General Gage of the British Army had an interesting point of view on the situation. Occupying Boston with troops, he lived with the Cassandra curse: always right, always ignored. Gage understood Boston far better than his British masters; ultimately he was recalled to England for offending them by having been so right.
And Gage’s take on the elite-vs.-crowd issue was that Whig gentlemen had begun by arousing crowds, assuming ordinary people had none of what historians call “agency” of their own and would defer to establishment leaders. Then those leaders found, to their dismay, that crowds would rise unbidden. Samuel Adams and the Sons of Liberty, far from endorsing the crowd’s desire for equality, nevertheless needed the crowds to pressure the British establishment and lend credence to the seriousness of the resistance. So even in Boston, seemingly so unified against England, revolution in America was full of social, economic, and political tension on the part of the revolutionaries.
So to finish off this multi-post critique of Akhil Amar’s riff on democracy and the Constitution, I hit here on a few specific moments in Amar’s talk. For context, see my earlier remarks on the talk, and on the point of view of the founding and the Constitution it so ably presents (so precisely the reverse of my own): here and here. Time stamps below refer to markers in the CSPAN player for Amar’s talk.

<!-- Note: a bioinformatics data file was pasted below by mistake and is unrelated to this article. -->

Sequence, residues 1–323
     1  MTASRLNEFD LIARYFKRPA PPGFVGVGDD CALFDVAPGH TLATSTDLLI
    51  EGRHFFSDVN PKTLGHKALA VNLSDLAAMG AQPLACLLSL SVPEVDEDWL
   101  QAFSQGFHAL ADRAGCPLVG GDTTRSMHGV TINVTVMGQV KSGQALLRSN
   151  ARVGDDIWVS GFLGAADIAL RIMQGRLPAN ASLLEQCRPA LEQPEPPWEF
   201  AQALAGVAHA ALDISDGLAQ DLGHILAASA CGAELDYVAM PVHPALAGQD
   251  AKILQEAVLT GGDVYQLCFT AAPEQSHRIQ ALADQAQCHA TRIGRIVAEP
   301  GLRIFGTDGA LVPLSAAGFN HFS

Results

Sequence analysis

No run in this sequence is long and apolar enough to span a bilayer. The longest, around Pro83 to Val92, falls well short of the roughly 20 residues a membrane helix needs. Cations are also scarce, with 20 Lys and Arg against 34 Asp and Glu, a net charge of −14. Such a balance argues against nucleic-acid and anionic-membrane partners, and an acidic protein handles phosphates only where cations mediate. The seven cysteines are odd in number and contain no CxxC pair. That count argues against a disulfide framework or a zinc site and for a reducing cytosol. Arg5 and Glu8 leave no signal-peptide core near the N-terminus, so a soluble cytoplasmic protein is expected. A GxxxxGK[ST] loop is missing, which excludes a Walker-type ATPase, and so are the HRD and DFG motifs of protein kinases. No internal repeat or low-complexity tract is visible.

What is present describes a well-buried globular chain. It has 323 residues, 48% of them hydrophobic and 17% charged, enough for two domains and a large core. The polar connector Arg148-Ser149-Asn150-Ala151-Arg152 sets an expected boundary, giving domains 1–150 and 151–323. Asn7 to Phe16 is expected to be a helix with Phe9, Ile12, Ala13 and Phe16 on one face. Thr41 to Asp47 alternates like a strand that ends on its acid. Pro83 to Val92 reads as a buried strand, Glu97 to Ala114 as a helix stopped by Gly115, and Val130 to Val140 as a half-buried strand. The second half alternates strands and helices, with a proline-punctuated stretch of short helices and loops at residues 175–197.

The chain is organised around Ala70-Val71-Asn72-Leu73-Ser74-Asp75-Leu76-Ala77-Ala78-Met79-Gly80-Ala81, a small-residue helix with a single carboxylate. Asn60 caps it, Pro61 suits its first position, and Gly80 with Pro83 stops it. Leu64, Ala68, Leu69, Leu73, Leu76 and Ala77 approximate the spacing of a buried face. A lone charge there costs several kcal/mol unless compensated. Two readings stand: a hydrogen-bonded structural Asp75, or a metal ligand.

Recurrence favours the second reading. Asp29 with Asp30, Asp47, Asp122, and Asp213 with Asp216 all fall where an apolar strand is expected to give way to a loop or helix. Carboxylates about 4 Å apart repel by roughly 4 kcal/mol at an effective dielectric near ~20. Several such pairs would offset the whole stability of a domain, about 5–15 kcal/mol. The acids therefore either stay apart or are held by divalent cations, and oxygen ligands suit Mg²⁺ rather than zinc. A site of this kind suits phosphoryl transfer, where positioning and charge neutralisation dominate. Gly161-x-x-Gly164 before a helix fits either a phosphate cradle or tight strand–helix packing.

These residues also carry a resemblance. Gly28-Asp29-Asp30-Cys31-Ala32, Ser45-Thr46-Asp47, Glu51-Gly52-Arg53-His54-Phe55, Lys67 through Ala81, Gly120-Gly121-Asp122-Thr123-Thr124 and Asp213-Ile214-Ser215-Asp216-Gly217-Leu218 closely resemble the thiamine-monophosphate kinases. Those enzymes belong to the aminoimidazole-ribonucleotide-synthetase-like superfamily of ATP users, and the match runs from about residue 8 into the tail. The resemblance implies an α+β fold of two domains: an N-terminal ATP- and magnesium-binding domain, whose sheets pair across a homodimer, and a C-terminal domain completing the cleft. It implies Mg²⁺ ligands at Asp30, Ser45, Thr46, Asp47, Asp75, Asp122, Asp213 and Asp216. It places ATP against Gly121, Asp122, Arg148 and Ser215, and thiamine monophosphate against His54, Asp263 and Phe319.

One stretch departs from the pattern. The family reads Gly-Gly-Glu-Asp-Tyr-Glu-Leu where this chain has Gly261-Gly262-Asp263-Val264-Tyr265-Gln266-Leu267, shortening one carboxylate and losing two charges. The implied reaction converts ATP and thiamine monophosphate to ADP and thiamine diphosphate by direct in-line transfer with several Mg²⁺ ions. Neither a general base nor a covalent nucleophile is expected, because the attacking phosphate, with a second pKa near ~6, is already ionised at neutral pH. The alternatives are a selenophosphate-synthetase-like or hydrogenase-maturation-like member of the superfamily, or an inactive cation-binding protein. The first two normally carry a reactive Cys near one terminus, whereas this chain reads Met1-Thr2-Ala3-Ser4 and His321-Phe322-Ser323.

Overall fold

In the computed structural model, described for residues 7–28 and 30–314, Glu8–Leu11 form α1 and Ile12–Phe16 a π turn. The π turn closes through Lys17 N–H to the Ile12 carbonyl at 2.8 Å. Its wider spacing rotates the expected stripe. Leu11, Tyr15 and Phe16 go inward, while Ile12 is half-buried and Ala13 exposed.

5:37. “I’ll tell you … three ways to remember that it’s all about Jackson.” All about Jackson — that’s the top-lined conclusion, perfectly stated here, of Gordon Wood’s and others’ ideas about what the American Revolution accomplished: a kind of settlement, as old-school Whig historians might have called it, in which democracy in the form of small-capital, common-man upward mobility, presaged in the Constitution by the framers, needed the accession of Jackson to fully emerge. In this reading, the democratic Jackson approach is fraught with unfortunate ironies, mainly, as Amar says, its pro-slavery position and its “isolationism.” That we haven’t “been taught” this, at the very least tacitly, everywhere we’ve looked in public history, as well as blatantly in history departments and academic publications and big history books, over the past fifty-some years, seems literally nonsensical to me. (I fantasize that Wood himself finds Amar’s version annoying, since it seems to sum up too easily — and clearly! — what it’s taken Wood a career of thorny nuance to explore.)